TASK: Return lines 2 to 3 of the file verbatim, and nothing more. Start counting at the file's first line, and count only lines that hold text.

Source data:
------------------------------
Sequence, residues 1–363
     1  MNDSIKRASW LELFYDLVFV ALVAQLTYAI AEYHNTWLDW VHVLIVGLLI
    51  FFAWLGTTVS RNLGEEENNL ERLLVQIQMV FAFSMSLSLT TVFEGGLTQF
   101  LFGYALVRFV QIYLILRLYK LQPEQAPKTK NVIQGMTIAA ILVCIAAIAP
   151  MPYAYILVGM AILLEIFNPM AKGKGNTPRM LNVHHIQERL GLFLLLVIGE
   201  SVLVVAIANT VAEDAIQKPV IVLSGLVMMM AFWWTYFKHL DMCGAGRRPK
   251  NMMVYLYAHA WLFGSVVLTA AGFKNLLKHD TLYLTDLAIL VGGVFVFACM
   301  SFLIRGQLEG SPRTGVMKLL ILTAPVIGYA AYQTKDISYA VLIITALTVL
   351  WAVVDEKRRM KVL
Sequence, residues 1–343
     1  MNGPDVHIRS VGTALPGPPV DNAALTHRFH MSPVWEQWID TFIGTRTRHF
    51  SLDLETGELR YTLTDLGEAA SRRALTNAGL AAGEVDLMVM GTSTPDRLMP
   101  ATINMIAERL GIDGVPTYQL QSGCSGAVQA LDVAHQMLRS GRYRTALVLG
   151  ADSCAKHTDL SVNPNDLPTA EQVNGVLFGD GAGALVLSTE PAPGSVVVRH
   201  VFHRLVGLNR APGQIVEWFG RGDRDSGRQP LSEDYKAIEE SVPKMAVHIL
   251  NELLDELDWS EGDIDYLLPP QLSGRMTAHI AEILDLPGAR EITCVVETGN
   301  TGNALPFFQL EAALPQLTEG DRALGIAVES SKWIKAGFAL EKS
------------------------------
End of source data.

     1  MNDSIKRASW LELFYDLVFV ALVAQLTYAI AEYHNTWLDW VHVLIVGLLI
    51  FFAWLGTTVS RNLGEEENNL ERLLVQIQMV FAFSMSLSLT TVFEGGLTQF